Backhaul Trucking vs. Headhaul: Navigating the Market

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Backhaul Trucking

With so many factors influencing shipping prices – volume, handling, location, transport mode, driver time, and more – navigating the freight market can be more than a little confusing. 

One factor that plays a considerable role in pricing a freight journey is its categorization as either a “headhaul” or “backhaul” trip. 

What’s the difference, and which is the better choice for you as a shipper?

In this article, we’ll define these key terms, introduce the concept of deadhead miles, and explore how different freight lanes influence the market – and how you can leverage this to get the best deal for your shipment. 

Let’s get started!

What’s the difference between backhaul and headhaul trucking?

Headhaul trucking

Headhaul trucking – also known as fronthaul trucking – is a driver’s initial trip to deliver a shipment. 

In other words, the headhaul journey is the outward journey a driver makes from their original location (Point A) to their destination (Point B). It’s the first leg of the journey before the return trip is made. 

And speaking of the return trip, that brings us to… the backhaul.  

Backhaul trucking

Backhaul trucking is the route a driver takes to return to their point of origin. 

If the headhaul trip was made from Point A to Point B, as above, the backhaul trip takes place between Point B and Point A. 

The driver, having made their delivery, now needs to make the trip home – whether there’s a shipment on board for him to deliver or not. The necessity of the backhaul leg creates a third term that we’ll introduce here: deadhead miles. 

Deadhead miles

Miles driven without a shipment on board are referred to as deadhead miles – and, as the name suggests, these aren’t exactly the life of the logistics business. 

A driver travels a deadhead mile during any part of the journey in which they don’t have cargo on board – they’re empty trailer miles. Deadhead miles aren’t all that popular because, while necessary, they aren’t creating revenue for the carrier.

One simple way for carriers to avoid deadhead miles is to locate shippers looking for loads to transport on the backhaul, meaning that the carrier is “working” both legs of the journey.

These backhaul shipments are typically offered at a cheaper rate than the in-demand headhaul trips, creating a smart opportunity for shippers looking to travel in that direction.  

How do backhaul and headhaul trucking affect the market?

Think of it this way: If you got a truck delivering a shipment from Point A to Point B, it makes sense to have it drop off a shipment from Point B to Point A on its return journey. 

While freight routes rarely work out as perfectly as this simple example, the basic principle is to avoid as many deadhead miles as possible. If a truck is on the road, it may as well be carrying something!

The quantity of headhaul and backhaul trips needed in a given geographic area creates a backhaul or headhaul market. 

Let’s explore what each of these markets looks like, how they affect you as a shipper, and what you can do to take advantage of your market.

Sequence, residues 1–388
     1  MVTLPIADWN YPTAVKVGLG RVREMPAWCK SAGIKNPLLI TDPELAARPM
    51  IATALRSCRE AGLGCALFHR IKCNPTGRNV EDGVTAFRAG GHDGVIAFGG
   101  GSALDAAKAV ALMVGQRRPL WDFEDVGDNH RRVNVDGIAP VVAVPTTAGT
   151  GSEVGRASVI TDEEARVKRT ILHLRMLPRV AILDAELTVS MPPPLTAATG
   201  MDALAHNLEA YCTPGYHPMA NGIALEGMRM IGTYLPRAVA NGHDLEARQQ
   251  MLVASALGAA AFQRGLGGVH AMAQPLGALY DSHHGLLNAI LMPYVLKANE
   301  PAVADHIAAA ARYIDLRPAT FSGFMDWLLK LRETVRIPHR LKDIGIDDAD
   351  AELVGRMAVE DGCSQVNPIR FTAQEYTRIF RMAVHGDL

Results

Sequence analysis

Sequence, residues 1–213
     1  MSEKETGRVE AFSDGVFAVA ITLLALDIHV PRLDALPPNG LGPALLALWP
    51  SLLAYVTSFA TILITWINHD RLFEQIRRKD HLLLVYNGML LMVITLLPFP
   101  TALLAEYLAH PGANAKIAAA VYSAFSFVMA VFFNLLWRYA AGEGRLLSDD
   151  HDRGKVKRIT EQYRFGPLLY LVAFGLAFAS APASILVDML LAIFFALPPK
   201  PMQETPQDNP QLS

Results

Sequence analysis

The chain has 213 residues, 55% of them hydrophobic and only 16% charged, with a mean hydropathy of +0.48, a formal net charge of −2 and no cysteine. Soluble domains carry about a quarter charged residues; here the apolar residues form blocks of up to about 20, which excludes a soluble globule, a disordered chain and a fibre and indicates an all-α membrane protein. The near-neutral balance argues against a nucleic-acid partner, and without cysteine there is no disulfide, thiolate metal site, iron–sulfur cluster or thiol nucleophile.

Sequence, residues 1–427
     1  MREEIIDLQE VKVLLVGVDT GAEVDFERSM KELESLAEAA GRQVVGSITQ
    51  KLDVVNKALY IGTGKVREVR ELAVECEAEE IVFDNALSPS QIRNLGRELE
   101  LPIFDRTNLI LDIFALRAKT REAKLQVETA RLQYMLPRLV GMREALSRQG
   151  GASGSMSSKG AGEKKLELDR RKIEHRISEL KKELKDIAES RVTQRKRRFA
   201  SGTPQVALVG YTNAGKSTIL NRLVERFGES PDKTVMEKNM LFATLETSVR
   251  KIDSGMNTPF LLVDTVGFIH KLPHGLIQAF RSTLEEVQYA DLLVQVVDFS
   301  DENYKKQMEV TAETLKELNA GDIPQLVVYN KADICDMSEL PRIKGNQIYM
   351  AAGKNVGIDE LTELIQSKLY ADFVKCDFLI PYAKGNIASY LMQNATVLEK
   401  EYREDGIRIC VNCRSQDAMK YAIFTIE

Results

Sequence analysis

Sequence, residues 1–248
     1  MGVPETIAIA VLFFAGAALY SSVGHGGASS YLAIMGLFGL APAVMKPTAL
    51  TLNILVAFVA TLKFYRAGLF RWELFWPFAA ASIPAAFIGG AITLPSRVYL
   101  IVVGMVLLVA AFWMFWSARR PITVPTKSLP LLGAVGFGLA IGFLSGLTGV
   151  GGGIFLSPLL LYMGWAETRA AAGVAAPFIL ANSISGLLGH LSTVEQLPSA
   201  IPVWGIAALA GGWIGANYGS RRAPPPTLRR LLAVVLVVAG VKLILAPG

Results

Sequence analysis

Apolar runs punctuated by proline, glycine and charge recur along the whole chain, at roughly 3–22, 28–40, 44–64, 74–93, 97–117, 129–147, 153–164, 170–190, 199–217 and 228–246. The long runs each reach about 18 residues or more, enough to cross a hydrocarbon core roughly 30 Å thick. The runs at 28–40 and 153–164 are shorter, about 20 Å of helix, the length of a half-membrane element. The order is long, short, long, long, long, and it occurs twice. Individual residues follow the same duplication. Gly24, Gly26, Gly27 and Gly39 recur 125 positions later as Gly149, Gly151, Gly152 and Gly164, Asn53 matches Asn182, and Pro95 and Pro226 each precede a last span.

Headhaul markets

A headhaul market exists where there is more outbound than inbound freight trips

This provides plenty of business for carriers, and given the demand for carrier services, new carriers are likely to be attracted to this market. In North America, the midwestern states typically have headhaul markets, as do the lanes between North America and Canada and Mexico, due to the export of American goods to these destinations.  

As a shipper, a headhaul market creates competition between loads, which can increase shipment prices. 

If you’re working in a headhaul market, it’s worth being aware of this as you shop for the best freight transportation deals. Partnering long-term with a dedicated carrier or logistics firm can also be a great way to prioritize your loads in a saturated market. 

Backhaul markets

The opposite of a headhaul market is a backhaul market a market that exists where there are more inbound than outbound freight trips

Backhauls can be tricky for carriers to navigate, as they risk racking up those dreaded deadhead miles on return journeys. In North America, the shipping lanes from Mexico and Canada into the US are typically characterized by a backhaul market, with fewer imports happening in this direction. 

This can work to your advantage as a shipper, as carriers may be willing to negotiate pricing to get a load for their backhaul leg. For this reason, a backhaul market tends to drive shipment prices down

No matter the market, optimize your trucking routes with Jansson

At Jansson, we’ve had over a decade of experience navigating the logistics landscape in North America – backhaul, headhaul, deadheads, and all! 

As an independent agent of Landstar, Jansson has access to an extensive network of carriers, helping us to keep prices low – and quality high. 

Offering a range of transportation and warehousing services, Jansson can cater to heavy-haul, LTL, and specialized loads – OTR and intermodal –  for either backhaul or headhaul journeys. 

If you’re looking to navigate the logistics market and secure the best pricing for your load, then the team here at Jansson is ready and willing to make it happen. To find out more, or to request a free quote, reach out to Jansson today!

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